Choosing the Right People for I.T.—Common Concerns in Hiring Web Developers (Part 1)

(super rough draft, inspired by this Slideshare: http://www.slideshare.net/rahulxsingh/common-concerns-in-hiring-web-developers)
People play an important role in the Modern Enterprise, developing the digital products and services that it offers. At the foundation of the four Contexts, People execute Processes, use information, and interact with Systems.
A successful enterprise represents a collection of people brought together to achieve a vision and create value. Thus, a prospective entrepreneur ought to prioritize hiring valuable and qualified personnel for his venture. After all, how can his business succeed if its staff stands incompetent to produce quality offerings with meaningful potential to change consumers’ lives?
A modern entrepreneur ought to beware of seven red flags when hiring new personnel. Although these red flags primarily describe Web Developers and other IT professionals, one can apply their permeating theme to all Human Resource projects. This blog post will cover the first three red flags out of seven.

  • Lack of Professionalism

Even in a Software as a Service company, the entrepreneur ought to demand professionalism in his workforce and workplace. The progressive environment of tech that characterizes tech startups and Silicon Valley does not excuse developers from adhering to basic standards of conduct and presentation. Although excessive formality can stifle innovation, a carefree outlook will doom any enterprise.
Expect every employee to attend meetings promptly. Meetings consume much time from many people and compensate through the organizational value they provide—tardy participants sap that value.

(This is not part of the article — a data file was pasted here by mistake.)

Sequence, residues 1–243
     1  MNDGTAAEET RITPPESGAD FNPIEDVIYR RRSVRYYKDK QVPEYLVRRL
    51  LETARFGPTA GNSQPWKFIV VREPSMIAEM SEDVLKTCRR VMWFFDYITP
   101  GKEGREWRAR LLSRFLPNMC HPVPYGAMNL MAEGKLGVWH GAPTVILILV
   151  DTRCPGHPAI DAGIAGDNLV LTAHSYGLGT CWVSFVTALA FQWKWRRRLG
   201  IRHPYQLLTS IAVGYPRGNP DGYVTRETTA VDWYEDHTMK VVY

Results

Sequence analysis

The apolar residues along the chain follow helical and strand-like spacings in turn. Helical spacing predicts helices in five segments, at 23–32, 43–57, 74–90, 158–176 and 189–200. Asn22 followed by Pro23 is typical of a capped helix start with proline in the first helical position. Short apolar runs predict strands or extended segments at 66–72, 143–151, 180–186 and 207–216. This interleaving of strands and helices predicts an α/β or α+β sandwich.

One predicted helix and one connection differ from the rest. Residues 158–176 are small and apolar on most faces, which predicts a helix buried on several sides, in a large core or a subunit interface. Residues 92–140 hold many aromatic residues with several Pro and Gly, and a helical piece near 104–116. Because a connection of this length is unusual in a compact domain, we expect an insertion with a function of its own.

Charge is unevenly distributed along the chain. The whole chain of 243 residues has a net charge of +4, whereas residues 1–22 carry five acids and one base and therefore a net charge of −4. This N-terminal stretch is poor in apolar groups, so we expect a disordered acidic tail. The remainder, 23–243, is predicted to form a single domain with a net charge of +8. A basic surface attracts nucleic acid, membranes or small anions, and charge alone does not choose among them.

Entrepreneurs should also expect some level of organization. Although the modern entrepreneur values “Agility” for the speed of innovation it brings, poor or nonexistent documentation slows down a project even more.
Finally, any corporate workplace should take steps to extinguish negative attitudes and unhealthy cultures. Even if a sour and malicious developer codes well, he drains much more productivity via polluting the ambient environment and the moods of those around him.

  • Unclear Expectations

All employees, even coders, ought to demonstrate the ability to communicate. Understanding and setting expectations is essential to the delivery of an SaaS aligned with your vision. Similarly, smart developers analyze the expectations given to them and help you prioritize realistic goals while distinguishing important tasks from urgent ones.

  • Lack of Qualifications

A staff member should possess expertise in his field. Although it may be unreasonable to expect an entry-level coder to know everything, they should have some existing background. More importantly, they should demonstrate the capacity to gain meaningful experience and learn new concepts or techniques by working at your company. Even a developer with much previous experience may not match that well with your company if he cannot adapt to its environment and specific demands.
On a similar note, encourage your development team members to ask for help (both online and offline) and to interact and learn from each other. This provides them another valuable avenue to learn and experience.

Justin Yum is an apprentice for Anant Corporation (www.anant.us). For more tips, subscribe to the Anant Corporation newsletter by clicking here: http://eepurl.com/npJmj
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